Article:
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San Luis, Gadsden district split over water well issue
SAN LUIS, Ariz. — This city and Gadsden Elementary School District officials have been meeting to try to avoid a court battle over the district's plans to dig a well on school grounds to get irrigation water for plants and grass on the campus.
The district recently dug a well at Southwest Junior High School in San Luis. In July, it got a permit from the state to dig another well at Desert View Elementary School, also located in the Arizona border city.
The district hopes to save money by using non-potable water it extracts from its wells rather than using potable water from the city's water delivery system.
Superintendent Ray Aguilera said that apart from saving about $50,000 annually at each of three schools where it currently has the wells in place, the district is considering potable water for human consumption.
But the district's desire to dig wells is running contrary to a city ordinance approved by the council in July to impose restrictions on well digging in the city as part of measures to protect a resource that is regulated under a binational treaty with Mexico.
But Aguilera said the well sites are governed by the state. “State law says that (the state) issues permits for wells with the exception of certain places. We have a permit from the state to begin digging.”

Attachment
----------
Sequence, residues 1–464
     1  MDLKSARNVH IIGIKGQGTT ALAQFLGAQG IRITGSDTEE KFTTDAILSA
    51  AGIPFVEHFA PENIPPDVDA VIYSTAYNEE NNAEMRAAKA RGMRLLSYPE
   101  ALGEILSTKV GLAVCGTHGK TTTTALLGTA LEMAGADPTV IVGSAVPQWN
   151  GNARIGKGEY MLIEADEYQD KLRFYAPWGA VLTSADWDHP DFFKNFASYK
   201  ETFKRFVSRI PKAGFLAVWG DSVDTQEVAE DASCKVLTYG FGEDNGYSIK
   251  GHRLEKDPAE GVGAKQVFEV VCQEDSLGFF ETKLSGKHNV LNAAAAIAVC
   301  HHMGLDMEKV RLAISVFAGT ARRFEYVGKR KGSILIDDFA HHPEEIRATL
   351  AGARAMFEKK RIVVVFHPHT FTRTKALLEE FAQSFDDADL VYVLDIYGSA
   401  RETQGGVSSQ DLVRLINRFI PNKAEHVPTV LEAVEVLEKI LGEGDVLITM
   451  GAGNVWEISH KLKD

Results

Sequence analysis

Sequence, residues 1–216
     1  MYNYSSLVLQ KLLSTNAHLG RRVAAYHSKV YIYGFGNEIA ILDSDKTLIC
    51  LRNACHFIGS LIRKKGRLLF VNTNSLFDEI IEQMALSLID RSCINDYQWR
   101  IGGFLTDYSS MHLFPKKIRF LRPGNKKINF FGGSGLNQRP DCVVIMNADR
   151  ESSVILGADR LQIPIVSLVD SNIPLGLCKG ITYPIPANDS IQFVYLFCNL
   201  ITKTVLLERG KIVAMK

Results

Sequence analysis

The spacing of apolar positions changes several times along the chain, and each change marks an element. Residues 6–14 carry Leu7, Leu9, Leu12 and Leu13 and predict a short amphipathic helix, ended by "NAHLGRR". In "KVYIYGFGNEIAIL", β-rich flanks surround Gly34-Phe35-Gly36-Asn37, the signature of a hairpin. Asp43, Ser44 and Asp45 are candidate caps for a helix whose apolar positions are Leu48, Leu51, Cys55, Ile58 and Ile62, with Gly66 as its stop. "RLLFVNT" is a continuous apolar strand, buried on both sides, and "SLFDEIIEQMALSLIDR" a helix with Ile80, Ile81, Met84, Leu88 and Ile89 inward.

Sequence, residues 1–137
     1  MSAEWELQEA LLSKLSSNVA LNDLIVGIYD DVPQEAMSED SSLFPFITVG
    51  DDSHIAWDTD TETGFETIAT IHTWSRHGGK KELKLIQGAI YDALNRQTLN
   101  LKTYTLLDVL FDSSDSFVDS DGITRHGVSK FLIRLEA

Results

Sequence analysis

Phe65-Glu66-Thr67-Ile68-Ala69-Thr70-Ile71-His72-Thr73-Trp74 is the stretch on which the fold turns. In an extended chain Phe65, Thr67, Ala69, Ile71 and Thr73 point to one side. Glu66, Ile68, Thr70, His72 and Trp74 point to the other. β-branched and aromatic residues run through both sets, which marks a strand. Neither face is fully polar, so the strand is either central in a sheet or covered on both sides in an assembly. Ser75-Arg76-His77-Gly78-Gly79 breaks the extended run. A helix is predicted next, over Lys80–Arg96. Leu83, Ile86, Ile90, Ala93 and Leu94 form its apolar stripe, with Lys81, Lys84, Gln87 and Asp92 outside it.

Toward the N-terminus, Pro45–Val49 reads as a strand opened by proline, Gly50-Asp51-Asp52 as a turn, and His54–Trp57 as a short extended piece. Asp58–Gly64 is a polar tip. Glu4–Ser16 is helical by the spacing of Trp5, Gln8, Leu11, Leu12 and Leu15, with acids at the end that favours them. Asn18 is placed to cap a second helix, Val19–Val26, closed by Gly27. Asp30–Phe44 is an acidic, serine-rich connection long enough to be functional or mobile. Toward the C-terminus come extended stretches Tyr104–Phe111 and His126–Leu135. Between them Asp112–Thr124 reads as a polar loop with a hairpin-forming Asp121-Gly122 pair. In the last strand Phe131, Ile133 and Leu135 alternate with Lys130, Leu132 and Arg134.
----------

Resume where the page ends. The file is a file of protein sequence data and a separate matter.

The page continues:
The wells, city officials also fear, could hurt revenue the city takes in from water service it provides.
The city is not trying to make a profit out of the utility services it provides, City Attorney Glenn Gimbut said, “but we're trying to make (the utilities) financially self-sufficient, and right now there's a deficit of nearly $1 million (in the utility fund).
“If all the schools have their own well, the lost revenue would be $1.2 million, and then we'd have to raise (water) rates.”
City council members recently instructed San Luis officials to meet with the district to try to arrive at a solution that would preclude a court fight.
“That's what we want to avoid,” said Mayor Gerardo Sanchez, noting that the Gadsden school district is one of the city's biggest water users.
Sanchez said the ordinance adopted by the city in July was essential to protect a valuable resource.
“If limits are not imposed, everyone is going to want to have their own wells. That affects not only the resource but also city revenues.”
Both Sanchez and Gadsden district governing board member Tadeo De la Hoya said they believe the two sides will be able to reach an agreement.